Camille: A lot of jobs can be done remotely, but you just have to ask or negotiate.  Julie Chickery [another full time RVer and blogger] actually had a job in government that she’s now doing remotely, and she just started out gradually.  So I wouldn’t just categorically rule out that you can’t do your job remotely. Replacing employees is expensive, and a lot of employers would rather have an existing employee work remotely instead of having to hire and train someone new.

But, if doing your existing job remotely isn’t working out for you, it might be time to pursue another path.  Moving into working remotely is not always linear. It can take time to figure out.

A: A lot of remote jobs seem to be computer based.  Are there good ways for people to earn money on the road that don’t require advanced technology skills?

C: Not all work available to full time travelers is online.  I talk [in my course] about picking up local jobs. You just have to be creative and open minded.  I know people who go work for the local grocery store, and they make more money doing that than if they had kept some customer service job.  There’s also work camping, farm stays, working in an RV park–maybe you’re walking dogs for people in an RV park!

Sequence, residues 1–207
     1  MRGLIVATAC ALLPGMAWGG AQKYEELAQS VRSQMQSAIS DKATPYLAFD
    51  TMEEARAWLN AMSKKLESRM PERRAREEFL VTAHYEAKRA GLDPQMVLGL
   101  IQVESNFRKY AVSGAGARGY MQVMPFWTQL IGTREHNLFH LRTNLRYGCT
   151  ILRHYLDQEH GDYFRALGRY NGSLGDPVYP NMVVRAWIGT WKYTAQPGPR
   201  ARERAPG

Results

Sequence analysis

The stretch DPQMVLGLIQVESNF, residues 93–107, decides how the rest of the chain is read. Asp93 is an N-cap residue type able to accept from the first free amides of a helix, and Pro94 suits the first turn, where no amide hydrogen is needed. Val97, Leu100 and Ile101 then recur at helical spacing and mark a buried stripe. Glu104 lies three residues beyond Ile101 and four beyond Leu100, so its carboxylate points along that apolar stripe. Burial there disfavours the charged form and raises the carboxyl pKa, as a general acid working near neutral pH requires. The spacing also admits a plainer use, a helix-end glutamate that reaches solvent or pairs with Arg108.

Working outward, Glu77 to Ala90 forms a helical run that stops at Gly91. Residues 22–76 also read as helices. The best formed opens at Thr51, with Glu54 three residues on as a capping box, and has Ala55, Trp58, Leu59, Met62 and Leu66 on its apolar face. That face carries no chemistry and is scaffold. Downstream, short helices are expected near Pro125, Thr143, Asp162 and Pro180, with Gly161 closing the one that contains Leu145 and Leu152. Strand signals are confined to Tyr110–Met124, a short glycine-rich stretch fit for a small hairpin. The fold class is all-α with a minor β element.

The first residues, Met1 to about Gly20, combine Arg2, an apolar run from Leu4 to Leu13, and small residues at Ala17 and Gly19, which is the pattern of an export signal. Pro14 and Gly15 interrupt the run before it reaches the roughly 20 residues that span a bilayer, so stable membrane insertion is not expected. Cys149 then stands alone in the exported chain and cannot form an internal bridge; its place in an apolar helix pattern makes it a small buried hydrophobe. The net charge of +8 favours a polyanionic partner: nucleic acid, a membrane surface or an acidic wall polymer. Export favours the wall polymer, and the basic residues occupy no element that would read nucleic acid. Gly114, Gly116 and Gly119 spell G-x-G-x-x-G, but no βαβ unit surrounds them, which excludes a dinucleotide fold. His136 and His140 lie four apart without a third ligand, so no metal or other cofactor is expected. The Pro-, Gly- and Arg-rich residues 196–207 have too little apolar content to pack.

I will say that the course is more heavily focused on finding online  jobs–but that doesn’t mean you have to know how to code. You just need to know how to log on and get online.  If you know how to get on Facebook and send an email, you can probably work at many online jobs.

A: How soon can a person realistically expect to be earning money remotely?

C: It depends on a couple of things.  How motivated is the person? What are his or her skill sets?  Is it someone who’s never worked before? Or their only job has been entry level?  Then it’s probably gonna take some time. I’ve had people [who took the course] get a job within a week, but some people are still looking because they aren’t ready to transition yet or haven’t finished the course work.